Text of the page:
2 E7 clearly, they are also naturally experts at communicating science to laypeople and can communicate effectively (Radford, 2011). There are certainly notable neuroscientists, such as Oliver Sacks and Robert Sapolsky, who have made their work accessible to the public through popular science writing. However, we do not think that these and other scientists who are literary figures in their own right, including Carl Sagan, Stephen Hawking, E. O. Wilson, and others, should be presented as evidence of scientists innate ability to communicate (Radford, 2011). These scientists have honed their communication skills over many years of practice and have sought opportunities for public discourse far beyond the extent of most researchers. Developing skills to communicate science at a level that a general audience can understand requires deliberate practice and careful attention to language. For example, scientists are often criticized for failing to discern the difference between jargon and everyday language. Paradoxically, this can be a more different task for an expert in a field than a novice, because the expert is so far removed from the experience of encountering the term or concept for the first time. Professors face this problem in the classroom; while they are experts in scientific content, they may not be experts in what has been called pedagogical content knowledge, i.e., knowing what pedagogy will be most effective for beginners to learn the material (Gess-Newsome, 2002). In parallel, one problem for experts communicating neuroscience to non-scientists may be a lack of knowing effective ways to communicate with non-scientists. Neuroscientists may assume that words like neuron or synapse are common knowledge, when in fact the majority of the population may not have a working definition of these terms. Additionally, words such as protein have different meanings in everyday language (e.g., protein shakes) than in a biological context. The gaps between what scientists assume the general public knows and what the general public actually knows could be bridged by refining these communication skills in the training of scientists. Most scientists do not receive formal training in science communication to the public As scientists advance in their academic careers from undergraduate to graduate student to postdoc, they become more and more specialized in their chosen discipline or sub-discipline. These sub-disciplines are increasingly disparate, requiring scientists to become better communicators to forge collaborations between disciplines that may even start viewing each other as laypeople (Kennedy, 2007). Although there are myriad opportunities for scientists to communicate their science to other scientists (e.g., courses with mock grant proposals as the main assignment, lab meetings, departmental retreats, and scientific conferences), there are few avenues for them to communicate, in written or oral format, to a lay audience. One of the few organizations dedicated to improving science communication to the general public is the Alan Alda Center for Communicating Science at Stony Brook University (http://www.centerforcommunicatingscience.org), which offers programs for masters and PhD students in scientific disciplines and a traveling workshop, in addition to internet-based opportunities for scientists to explain fundamental scientific concepts to the general public. The American Association for the Advancement of Science (AAAS) (http://communicatingscience.aaas.org) and the New York Academy of Science s Science and the City program also offer opportunities for scientists to engage with the public (http://www.nyas.org/whatwedo/science thecity.aspx). Importantly, the aim of these programs is not to train future science journalists, but to provide communication skills to research scientists to enable them to better convey the details and impact of their work to the general public. Efforts and resources such as these constitute significant progress fostering a population of scientists with improved communication skills. However, these opportunities cater to a self-selecting group of scientists who must go out of their way to seek communication training. At their home institutions, students sometimes have the chance to participate in informal science outreach, such as community events on campus, volunteering at a science museum, or hosting a tour of their laboratory. Neuroscientists may be most familiar with events such as Brain Awareness Week where they are encouraged to teach the public about brain-related topics, often through collaborations with local high schools and museums. However, these activities are relatively informal and infrequent, underutilized by trainees pursuing careers in a research discipline, under-recommended by mentors, and most importantly, most could not be considered formal training in science communication. Despite the inclusion of science communication as a core competency for undergraduate biology majors (AAMC-HHMI, 2009; AAAS, 2011), few undergraduate or graduate science curricula offer coursework-based opportunities for students to practice this skill. We believe that integrating a requirement for communication of science to the general public into undergraduate and graduate curricula would promote the skills and confidence for future researchers to effectively communicate about their work with the general public, and importantly, would not detract from the scientific rigor of the training programs. An analysis of the curricula of the top ten neuroscience programs in the United States according to the 2010 US News and World Report indicates that none require a course focused on science communication to a layperson audience. According to the descriptions of these curricula on the program websites, most students are required to take specialization courses in neuroscience, statistics, and ethics. Students are often required to practice their ability to communicate to other scientists at seminar series, departmental retreats, or journal clubs, indicating that science communication is seen as a valuable skill. However, there were no requirements for a science communication course to laypeople, either through coursework or more formalized opportunities. Stanford University and Johns Hopkins University offer elective courses in science communication to the public, which is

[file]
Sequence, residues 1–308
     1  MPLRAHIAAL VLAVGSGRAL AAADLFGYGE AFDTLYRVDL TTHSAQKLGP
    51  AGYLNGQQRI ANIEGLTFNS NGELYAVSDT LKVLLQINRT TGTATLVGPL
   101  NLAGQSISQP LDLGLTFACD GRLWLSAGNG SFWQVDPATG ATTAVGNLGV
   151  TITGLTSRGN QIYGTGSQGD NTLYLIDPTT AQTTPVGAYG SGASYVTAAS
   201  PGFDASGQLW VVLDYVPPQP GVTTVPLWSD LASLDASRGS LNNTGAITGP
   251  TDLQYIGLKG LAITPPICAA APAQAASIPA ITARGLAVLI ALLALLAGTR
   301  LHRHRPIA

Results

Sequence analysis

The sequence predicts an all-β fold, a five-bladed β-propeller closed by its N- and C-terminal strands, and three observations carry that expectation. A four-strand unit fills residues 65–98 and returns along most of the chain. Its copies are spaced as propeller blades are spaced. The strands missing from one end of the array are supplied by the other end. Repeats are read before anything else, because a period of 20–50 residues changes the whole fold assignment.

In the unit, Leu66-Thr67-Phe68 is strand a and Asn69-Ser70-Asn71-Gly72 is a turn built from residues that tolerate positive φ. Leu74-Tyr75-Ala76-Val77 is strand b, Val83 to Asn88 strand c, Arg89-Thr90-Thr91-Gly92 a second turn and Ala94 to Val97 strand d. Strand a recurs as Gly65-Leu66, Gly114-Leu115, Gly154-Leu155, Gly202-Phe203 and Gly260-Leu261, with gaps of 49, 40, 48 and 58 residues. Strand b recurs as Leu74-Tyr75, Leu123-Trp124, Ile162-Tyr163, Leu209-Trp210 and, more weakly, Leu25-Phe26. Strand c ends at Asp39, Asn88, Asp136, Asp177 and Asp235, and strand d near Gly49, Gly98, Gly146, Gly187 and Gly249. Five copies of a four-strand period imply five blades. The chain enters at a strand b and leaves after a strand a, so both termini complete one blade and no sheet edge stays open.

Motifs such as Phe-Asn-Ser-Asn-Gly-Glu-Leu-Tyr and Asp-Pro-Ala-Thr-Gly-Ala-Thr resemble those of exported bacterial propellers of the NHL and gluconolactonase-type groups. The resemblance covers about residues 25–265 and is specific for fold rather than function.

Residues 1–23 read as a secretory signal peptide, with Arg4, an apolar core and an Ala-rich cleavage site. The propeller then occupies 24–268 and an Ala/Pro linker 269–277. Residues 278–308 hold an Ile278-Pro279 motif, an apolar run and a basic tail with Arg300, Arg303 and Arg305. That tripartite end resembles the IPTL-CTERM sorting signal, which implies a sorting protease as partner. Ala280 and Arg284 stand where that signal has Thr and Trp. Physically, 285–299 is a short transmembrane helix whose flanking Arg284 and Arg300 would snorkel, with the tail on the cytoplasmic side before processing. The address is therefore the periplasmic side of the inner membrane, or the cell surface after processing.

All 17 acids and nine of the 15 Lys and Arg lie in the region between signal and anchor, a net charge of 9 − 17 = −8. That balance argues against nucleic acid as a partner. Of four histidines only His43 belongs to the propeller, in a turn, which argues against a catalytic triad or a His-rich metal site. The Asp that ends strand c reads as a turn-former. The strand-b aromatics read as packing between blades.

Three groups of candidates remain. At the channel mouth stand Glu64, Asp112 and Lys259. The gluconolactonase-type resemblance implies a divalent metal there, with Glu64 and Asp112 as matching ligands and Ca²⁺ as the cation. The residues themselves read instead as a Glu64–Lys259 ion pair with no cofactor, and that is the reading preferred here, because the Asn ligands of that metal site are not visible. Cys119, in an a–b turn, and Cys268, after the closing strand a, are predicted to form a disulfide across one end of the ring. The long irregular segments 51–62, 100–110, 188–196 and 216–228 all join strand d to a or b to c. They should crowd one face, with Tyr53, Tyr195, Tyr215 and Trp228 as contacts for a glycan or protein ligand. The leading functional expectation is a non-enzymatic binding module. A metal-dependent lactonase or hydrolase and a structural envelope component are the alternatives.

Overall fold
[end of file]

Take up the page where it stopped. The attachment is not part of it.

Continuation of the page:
3 Brownell et al. Why teach science communication E8 an important first step but will only benefit a small subset of aspiring scientists. The lack of formal, integrated training in communication denotes a critical gap in the curriculum, especially as we strive to produce citizen scientists equipped to communicate effectively with the general public, as well as scientists in other disciplines. Infusing science communication training into the curriculum: An example Although there is still a need for widespread curriculum reform to incorporate explicit training (Chappell, 1998), there are a few examples of courses that provide formal training for aspiring scientists to become better communicators to a layperson audience. Here we present an example of one of these courses: a writing-intensive undergraduate and graduate neuroimmunology course that we developed and implemented through the Immunology Program in the School of Medicine at Stanford University. Although the course maintained a primary focus on mastery of basic scientific content, it also gave students the opportunity to develop skills to communicate science to a layperson audience. We believe that the unique format of the course afforded students the practice necessary to improve their communication skills, while remaining focused on scientific content. Each week, students attended lectures on a current topic in neuroimmunology taught by an expert and read a recent primary scientific paper describing a critical advance in the field. The principal assignment in the course was the writing of a New York Times Science Tuesday -style article directed to a layperson audience summarizing the key aspects of the paper and the implication of the findings. To facilitate the writing process, students discussed the primary scientific paper with each other and with graduate student teaching assistants in a weekly discussion section. The students also received feedback on their article from the teaching assistants and had the opportunity to revise the assignment if needed. Students wrote five of these articles throughout the ten-week term, giving them extensive practice translating complicated scientific knowledge to a more accessible and jargon-free summary of the main points of the paper. For a final assignment, students wrote a New York Times-style article on a broader topic of their choosing in neuroimmunology. We used peer feedback as a way to refine the writing. An additional layer of feedback and revision was a formalized mechanism that we developed for the students to seek and incorporate direct feedback from laypersons, specifically defined as people who have not taken college-level biology. Many students highlighted this exercise as one of their favorites of the class. The goal of the course was not to train future science journalists; rather, our aim was to give future scientists and physicians a better grasp on science communication. According to surveys, students enrolled in the course primarily due to their interest in neuroimmunology and had plans to attend graduate school in biology or medical school, indicating that we attracted our target population. Additionally, our intention was to promote proficiency rather than mastery. We understand that separate degrees can be awarded for science communication, so we do not propose that one 10-week course can be sufficient for mastery. Our objective was to provide an introduction that laid the foundation for students to become more aware of what it takes to communicate effectively with a non-scientist audience. We have published a manuscript describing the impact of our neuroimmunology course on students perception and confidence of their communication skills (Brownell et al., 2013). Our study indicated that the course positively affected students self-confidence in communicating science to a layperson audience and also showed that students were more confident in their writing skills. Notably, student attitudes about the importance of communicating science to the general public were extremely positive, even in the pre-course surveys, indicating that our target population recognized the importance of science communication and was highly receptive to the opportunity to develop the skills necessary to become effective communicators. These results mirror other studies showing that most scientists are open to learning how to better communicate science to the public (Chappell, 1998; Hartz, 1997). Recommendations for developing undergraduate and graduate courses highlighting science communication to the public To facilitate the design of courses promoting the skills and experience we describe, we provide a set of guidelines for others who are considering designing courses that incorporate an emphasis on science communication with a layperson audience. Teach communication in the context of basic science. First, we recommend housing the course in a basic science program and teaching communication in parallel with basic science content. If our goal is to equip future scientists and physicians with a broad set of skills for life-long, effective science communication, we believe that upper-level undergraduate science courses should begin to incorporate formalized, layperson-directed communication exercises. Maintaining a focus on mastery of scientific content has the advantage of attracting a target population of future research scientists: students who are not necessarily predisposed to be interested in science communication and plan to pursue research or medical careers, not science journalism. The second advantage is that we feel students take a basic science course more seriously than an elective to fill a communication requirement. In our experience, science-major undergraduates and research graduate students were extremely receptive to the communication elements of the course, indicating in post-course surveys that the NYTstyle article exercise provided an innovative approach to grapple with the content of the lectures and primary scientific literature. Practice doesn t make perfect, but does improve skills. Second, we recommend that instructors incorporate ample